Organizing Schools for Improvement: Lessons from Chicago

January, 2010
Authors: 
Anthony S. Bryk, Penny Bender Sebring, Elaine Allensworth, Stuart Luppescu, John Q. Easton

This book by current and former researchers from the Consortium on Chicago School Research (CCSR) provides a detailed analysis of why students in 100 public elementary schools in Chicago were able to improve substantially in reading and math over a seven year period and students in another 100 schools were not. Using massive longitudinal evidence, the study yields a comprehensive set of school practices and school and community conditions that promote improvement, noting that the absence of these spells stagnation. 

To read the press release on Organizing Schools for Improvement: Lessons from Chicago please click Download Now.

Download Appendix: Survey Measures, Factors, Composite Variables, and Items Used in Organizing Schools for Improvement: Lessons from Chicago

Organizing Schools for Improvement: Lessons from Chicago

Symposium on January 14, 2010

To send a request to the authors, please send an email to organizingschools@ccsr.uchicago.edu


About the Book

This book by researchers from the Consortium on Chicago School Research (CCSR) provides a detailed analysis of why students in 100 public elementary schools in Chicago were able to improve substantially in reading and math over a seven year period and students in another 100 schools were not. Using massive longitudinal evidence, the study yields a comprehensive set of school practices and school and community conditions that promote improvement, noting that the absence of these spells stagnation.

These five essential supports are: school leadership, professional capacity, parent-community ties, student-centered learning climate, and instructional guidance. In contrast to many current reform efforts that seek to spur progress through one or two of these elements, this book shows that substantial school improvement requires building the social organization within schools and orchestrating initiatives across multiple domains.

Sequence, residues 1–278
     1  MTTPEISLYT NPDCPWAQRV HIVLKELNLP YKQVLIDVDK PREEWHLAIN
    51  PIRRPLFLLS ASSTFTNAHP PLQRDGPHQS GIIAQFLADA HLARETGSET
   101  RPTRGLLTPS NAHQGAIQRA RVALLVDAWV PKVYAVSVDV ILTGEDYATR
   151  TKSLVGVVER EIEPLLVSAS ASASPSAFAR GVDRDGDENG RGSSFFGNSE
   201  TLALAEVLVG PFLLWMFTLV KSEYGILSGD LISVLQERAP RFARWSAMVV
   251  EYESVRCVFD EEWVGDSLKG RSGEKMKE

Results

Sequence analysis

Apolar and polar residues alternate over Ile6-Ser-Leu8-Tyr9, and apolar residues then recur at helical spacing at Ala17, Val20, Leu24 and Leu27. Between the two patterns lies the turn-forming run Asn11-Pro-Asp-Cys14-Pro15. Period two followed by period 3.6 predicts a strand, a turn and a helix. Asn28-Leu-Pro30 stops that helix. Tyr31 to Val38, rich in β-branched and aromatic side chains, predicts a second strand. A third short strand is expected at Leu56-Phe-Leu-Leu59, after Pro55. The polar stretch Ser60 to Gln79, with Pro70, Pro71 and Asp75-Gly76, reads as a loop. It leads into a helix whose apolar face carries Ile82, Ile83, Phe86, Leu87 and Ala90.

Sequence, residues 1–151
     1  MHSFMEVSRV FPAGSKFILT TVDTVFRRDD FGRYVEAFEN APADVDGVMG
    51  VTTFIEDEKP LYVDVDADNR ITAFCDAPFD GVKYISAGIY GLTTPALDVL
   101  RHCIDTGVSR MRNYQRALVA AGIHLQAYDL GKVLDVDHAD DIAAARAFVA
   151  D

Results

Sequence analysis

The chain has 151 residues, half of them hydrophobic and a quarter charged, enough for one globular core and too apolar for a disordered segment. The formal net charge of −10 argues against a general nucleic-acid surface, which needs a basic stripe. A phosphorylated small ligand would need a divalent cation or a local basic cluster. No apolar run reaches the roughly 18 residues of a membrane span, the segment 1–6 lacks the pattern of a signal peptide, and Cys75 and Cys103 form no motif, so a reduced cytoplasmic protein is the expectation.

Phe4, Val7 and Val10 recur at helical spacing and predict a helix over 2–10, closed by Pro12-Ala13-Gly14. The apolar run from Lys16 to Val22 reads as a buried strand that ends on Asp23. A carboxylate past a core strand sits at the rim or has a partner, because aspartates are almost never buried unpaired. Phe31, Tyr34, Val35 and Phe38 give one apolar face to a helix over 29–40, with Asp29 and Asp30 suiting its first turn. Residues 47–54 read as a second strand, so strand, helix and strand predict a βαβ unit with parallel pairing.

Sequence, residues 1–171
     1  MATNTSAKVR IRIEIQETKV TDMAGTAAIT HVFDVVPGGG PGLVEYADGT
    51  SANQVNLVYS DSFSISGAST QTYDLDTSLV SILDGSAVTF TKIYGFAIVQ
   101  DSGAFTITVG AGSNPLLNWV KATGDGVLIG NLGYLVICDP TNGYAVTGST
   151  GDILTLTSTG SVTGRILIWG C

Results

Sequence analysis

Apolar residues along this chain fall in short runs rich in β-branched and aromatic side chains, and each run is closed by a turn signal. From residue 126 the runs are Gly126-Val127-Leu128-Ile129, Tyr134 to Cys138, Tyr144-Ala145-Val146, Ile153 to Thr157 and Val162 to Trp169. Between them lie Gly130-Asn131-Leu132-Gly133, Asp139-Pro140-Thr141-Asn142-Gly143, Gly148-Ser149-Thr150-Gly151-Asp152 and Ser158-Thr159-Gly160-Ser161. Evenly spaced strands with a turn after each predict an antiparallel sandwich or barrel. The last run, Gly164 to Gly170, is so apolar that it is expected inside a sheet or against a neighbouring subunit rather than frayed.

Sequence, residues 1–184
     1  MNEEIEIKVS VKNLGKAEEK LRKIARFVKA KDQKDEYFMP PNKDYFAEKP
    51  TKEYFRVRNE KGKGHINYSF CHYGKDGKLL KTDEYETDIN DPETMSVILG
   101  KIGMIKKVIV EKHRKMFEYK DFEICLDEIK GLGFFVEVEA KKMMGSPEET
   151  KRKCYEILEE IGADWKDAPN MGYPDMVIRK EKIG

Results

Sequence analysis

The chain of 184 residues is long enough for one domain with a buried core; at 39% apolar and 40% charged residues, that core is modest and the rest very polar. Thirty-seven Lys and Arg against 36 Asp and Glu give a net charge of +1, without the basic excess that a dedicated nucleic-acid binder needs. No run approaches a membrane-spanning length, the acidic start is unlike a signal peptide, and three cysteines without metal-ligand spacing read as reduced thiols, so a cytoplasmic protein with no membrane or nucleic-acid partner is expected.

Moving beyond the schoolhouse, the authors analyze community context to discover the ways internal practices of improving schools are inexorably entwined with the social resources of local neighborhoods. They raise troublesome questions about our society’s capacity to improve schooling in its most neglected communities. For schools in these communities, the task of improvement is much more formidable than most have acknowledged to date.

These findings are particularly timely as school districts nationwide launch a new round of efforts to turn around their most troubled schools. Urban education professionals and policy makers alike will learn valuable knowledge from this pioneering undertaking in Chicago.

Education Next has ranked Organizing Schools for Improvement 8th in a poll of the best educational policy books of the last decade.


Media Coverage of Organizing Schools for Improvement: Lessons from Chicago

Why Collaboration is Vital to Creating Effective Schools

Washington Post, 5/2/13

In the News

Catalyst Notebook, 2/9/11

The Best Books of the Past Decade According to Ed Next Readers

Education Next, 1/5/11